The Phase 1 area of the city is divided into five (5) districts; the Central, Asokoro, Garki, Wuse and Maitama. Furthermore, the Phase 2 has five districts namely;  Kado, Durumi, Gudu, Utako and Jabi while the Phase 3 has 4 districts; Mabuchi, Katampe, Wuye and Gwarimpa. There are also five suburban districts, which are Gwagwalada, Kubwa, Nyanya, Karu and Jukwoyi

In terms of location, The Federal Capital Territory (FCT), is located almost at the geographical centre of Nigeria. Abuja is also the federal capital of Nigeria, having been moved from Lagos on December, 12 1991.

As it stands, Abuja is bound on the east by Nasarawa State, on south by Niger, Kogi and Nasarawa states, west by Niger State, and on the north by Niger and Kogi states.

With six (6) area councils namely Abuja Municipal, Gwagwalada, Kuje, Abaji, Bwari, and Kwali, the Federal Capital Territory, ( FCT) boast of 1,405,201 residents according to the 2006 national population census result.

The largest indigenous group in Abuja are the Gbabyi (also known as the Gwari). The next largest indigenous group are the Koro. Smaller indigenous groups also inhabit the area, such as the Gade, Egbura, Gwandara, Bassa and the Gana gana.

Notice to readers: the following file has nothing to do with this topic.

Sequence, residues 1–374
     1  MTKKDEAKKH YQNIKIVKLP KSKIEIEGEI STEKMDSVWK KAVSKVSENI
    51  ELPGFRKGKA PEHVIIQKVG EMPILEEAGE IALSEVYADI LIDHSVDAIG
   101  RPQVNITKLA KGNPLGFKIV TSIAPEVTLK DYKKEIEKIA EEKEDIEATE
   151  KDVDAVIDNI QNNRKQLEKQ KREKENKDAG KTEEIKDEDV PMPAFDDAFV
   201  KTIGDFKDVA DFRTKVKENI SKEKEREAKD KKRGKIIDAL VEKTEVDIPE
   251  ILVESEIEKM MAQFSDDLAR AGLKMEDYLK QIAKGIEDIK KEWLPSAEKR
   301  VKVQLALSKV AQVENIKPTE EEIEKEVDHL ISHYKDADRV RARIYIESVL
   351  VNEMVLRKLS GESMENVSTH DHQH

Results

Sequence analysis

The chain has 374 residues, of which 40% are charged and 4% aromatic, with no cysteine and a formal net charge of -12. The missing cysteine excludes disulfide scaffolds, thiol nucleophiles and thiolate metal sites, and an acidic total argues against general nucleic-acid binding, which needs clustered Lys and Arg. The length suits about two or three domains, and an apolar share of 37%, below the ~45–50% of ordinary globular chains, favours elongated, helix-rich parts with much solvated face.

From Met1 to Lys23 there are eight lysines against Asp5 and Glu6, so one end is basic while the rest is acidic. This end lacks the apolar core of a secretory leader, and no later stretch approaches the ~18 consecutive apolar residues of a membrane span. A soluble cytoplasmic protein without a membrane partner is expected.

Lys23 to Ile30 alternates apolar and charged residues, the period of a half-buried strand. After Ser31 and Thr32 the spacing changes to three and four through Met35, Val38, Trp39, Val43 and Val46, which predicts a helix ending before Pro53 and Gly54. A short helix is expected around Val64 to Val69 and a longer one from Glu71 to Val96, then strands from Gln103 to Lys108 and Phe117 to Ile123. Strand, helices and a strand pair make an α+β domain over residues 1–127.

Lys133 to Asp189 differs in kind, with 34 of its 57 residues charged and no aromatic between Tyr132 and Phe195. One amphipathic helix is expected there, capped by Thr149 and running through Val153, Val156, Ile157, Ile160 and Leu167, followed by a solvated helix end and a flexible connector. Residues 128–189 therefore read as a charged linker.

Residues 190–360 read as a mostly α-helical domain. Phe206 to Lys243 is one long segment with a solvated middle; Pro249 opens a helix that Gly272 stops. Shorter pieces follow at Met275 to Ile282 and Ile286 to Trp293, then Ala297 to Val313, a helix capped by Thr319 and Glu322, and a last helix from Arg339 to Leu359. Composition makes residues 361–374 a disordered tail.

The federal capital territory, Abuja has lived up to expectation as the nation’s capital.  The planned structure of the city is a joy to behold. Little wonder it serves as home to embassies of most European countries, the headquarters and military arm of the Economic Community of West African States (ECOWAS) and ECOMOG respectively and also the Regional Headquarters of the Organisation of Oil Producing and Exporting Countries (OPEC)

Being centrally located, Abuja is blessed with a mix of agricultural produce such as yams, cassava, maize and plantains, sorghum, guinea corn and rice.

Mineral resources are also not left out. Abuja has proven to have deposits of various mineral resources like marble, tin, mica, clay, wolfromite, tantalite and talc.